Creditors can legally ask for, and use, information concerning your financial status, including your employment – what you do, how long you’ve worked and how much you earn. They can inquire about your monthly expenses, how long you’ve lived in your current home or apartment, how many dependents you have, whether you pay alimony or child support, and the amount of any other financial obligations.
They can also look at your credit history, which includes information on:
- How often you’ve applied for credit.
- How much you’ve borrowed.
- Whether you pay your bills in a timely manner; and
- Whether you use your credit prudently.
If you are seeking a secured loan, you will likely be asked to supply information concerning any savings, investments or property that you own that can be applied as collateral.
If your credit needs repair, our financial advocates can help.
Good Credit Risk
A creditor will use all of the gathered financial information to determine if you are a good credit risk, and if so, how much credit you can receive and how much it will cost you in interest. However, when reaching a decision as to whether to grant credit, a lender must apply its standards fairly, impartially and without discrimination.
For example, it cannot lend one applicant money on terms that differ from those granted another applicant with similar income, expenses, credit history, etc. Specifically, the ECOA prohibits discrimination in any part of a credit transaction, including:
- Credit evaluation
- Restrictions in granting credit, such as requiring collateral or security deposits
- Credit terms
- Loan servicing
- Treatment upon default
- Collection procedures
Under the ECOA, a lender must reply to your credit application within 30 days. If credit is denied you, specific reasons must be cited. You have the right to question the decision, and if you believe that you have been discriminated against, you can contact a lawyer or the Federal Trade Commission (FTC), which is responsible for enforcement of the law.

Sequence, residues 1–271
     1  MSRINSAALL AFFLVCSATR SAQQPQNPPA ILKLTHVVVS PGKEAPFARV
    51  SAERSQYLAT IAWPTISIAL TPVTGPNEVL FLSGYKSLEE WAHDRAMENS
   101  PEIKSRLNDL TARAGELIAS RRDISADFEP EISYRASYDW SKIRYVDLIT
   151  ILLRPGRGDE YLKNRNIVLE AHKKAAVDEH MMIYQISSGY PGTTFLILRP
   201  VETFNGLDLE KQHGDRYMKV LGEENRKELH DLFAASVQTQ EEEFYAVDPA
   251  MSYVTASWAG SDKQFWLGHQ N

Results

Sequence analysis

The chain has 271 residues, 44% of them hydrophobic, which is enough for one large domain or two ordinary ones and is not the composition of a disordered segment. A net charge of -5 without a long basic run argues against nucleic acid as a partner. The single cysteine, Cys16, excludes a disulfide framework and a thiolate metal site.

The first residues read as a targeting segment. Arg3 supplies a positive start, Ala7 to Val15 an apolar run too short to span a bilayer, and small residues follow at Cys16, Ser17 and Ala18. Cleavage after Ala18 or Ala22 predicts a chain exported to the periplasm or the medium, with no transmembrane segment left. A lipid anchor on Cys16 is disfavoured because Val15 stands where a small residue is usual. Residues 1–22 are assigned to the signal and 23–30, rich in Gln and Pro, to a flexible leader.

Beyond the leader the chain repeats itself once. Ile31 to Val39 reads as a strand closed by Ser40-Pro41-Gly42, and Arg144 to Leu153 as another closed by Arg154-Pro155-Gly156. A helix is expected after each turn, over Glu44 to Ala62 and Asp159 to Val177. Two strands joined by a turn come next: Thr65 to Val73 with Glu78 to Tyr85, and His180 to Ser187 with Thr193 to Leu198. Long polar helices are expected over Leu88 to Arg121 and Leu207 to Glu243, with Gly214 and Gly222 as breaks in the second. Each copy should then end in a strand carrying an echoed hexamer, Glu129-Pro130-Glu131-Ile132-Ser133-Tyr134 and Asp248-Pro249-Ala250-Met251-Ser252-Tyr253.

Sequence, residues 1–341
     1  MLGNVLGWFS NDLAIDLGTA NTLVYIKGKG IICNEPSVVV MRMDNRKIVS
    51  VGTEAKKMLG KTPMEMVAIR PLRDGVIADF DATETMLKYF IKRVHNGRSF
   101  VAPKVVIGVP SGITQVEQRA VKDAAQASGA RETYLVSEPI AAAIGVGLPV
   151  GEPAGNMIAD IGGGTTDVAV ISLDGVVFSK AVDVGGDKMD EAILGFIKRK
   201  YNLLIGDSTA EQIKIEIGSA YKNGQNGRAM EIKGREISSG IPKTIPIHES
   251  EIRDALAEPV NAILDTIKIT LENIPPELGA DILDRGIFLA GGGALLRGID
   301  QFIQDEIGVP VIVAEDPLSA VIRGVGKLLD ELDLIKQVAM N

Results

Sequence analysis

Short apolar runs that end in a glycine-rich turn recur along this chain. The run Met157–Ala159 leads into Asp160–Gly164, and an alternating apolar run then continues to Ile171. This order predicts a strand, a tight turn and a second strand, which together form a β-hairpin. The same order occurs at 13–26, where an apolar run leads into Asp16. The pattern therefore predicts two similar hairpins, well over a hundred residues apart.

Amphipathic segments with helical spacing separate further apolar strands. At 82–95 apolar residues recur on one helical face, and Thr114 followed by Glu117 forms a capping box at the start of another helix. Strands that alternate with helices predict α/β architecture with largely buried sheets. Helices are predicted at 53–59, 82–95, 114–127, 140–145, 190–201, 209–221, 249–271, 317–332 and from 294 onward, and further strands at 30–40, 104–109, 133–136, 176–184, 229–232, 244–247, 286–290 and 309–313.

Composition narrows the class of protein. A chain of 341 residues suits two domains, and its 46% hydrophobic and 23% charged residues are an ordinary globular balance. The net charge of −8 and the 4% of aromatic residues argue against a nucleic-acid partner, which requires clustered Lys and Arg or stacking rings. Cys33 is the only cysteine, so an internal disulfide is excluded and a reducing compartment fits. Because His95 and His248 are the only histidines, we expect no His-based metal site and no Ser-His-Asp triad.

Consumer Protection Laws
Another consumer protection law is the Federal Fair Housing Act, passed in 1968. It prohibits discrimination in residential real estate transactions, including loans to purchase, improve or maintain a home, or loans in which a home is used as collateral. The law also prohibits discrimination in the rental housing market based on race, color, religion, national origin, sex, familial status and disability.
The Home Mortgage Disclosure Act (HDMA) of 1975 helps to identify discriminatory lending practices by requiring lending institutions to report public loan data. It has led to discoveries that African-Americans, Hispanics and women are more likely to wind up with higher-interest loans.
The Community Reinvestment Act was passed in 1997 to help reduce discriminatory credit practices against individuals living in low-income and minority neighborhoods. It outlawed a common practice known as redlining — denying or increasing the cost of banking to residents of racially defined neighborhoods.
There are also protections for individuals who have filed for, or been through, bankruptcy. Federal law prohibits a private employer from hiring, firing, or otherwise discriminating against you solely because you have filed for bankruptcy.
All federal, state and local governments are prohibited from: denying, revoking, suspending, or refusing to renew a license, charter, permit or other certification necessary for you to make a living; firing you; denying you government contracts; denying or terminating your public benefits — solely because you have filed for bankruptcy.
Remember, none of the statutes or laws guarantees that you will be extended credit. But they do exist to protect you from certain discriminatory practices that can cause credit to be denied you.
Contact the appropriate federal agencies – the Federal Trade Commission and the Department of Housing and Urban Development — for more details.